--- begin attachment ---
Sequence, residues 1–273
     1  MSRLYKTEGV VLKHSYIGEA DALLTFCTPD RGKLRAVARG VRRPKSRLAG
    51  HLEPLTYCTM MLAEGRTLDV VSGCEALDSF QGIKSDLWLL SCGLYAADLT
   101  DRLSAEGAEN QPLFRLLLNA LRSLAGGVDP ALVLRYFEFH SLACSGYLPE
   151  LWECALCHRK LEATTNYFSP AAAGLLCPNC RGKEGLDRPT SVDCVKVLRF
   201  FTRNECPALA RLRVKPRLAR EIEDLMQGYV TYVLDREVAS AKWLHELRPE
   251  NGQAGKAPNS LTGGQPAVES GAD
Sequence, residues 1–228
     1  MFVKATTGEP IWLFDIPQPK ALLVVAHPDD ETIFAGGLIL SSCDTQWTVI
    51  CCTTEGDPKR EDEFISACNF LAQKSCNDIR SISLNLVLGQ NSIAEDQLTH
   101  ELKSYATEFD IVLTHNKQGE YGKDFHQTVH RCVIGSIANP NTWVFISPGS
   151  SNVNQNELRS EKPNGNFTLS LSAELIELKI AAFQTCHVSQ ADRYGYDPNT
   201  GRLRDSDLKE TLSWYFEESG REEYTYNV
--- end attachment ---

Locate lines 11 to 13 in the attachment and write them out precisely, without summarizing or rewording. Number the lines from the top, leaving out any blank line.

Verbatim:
   101  ELKSYATEFD IVLTHNKQGE YGKDFHQTVH RCVIGSIANP NTWVFISPGS
   151  SNVNQNELRS EKPNGNFTLS LSAELIELKI AAFQTCHVSQ ADRYGYDPNT
   201  GRLRDSDLKE TLSWYFEESG REEYTYNV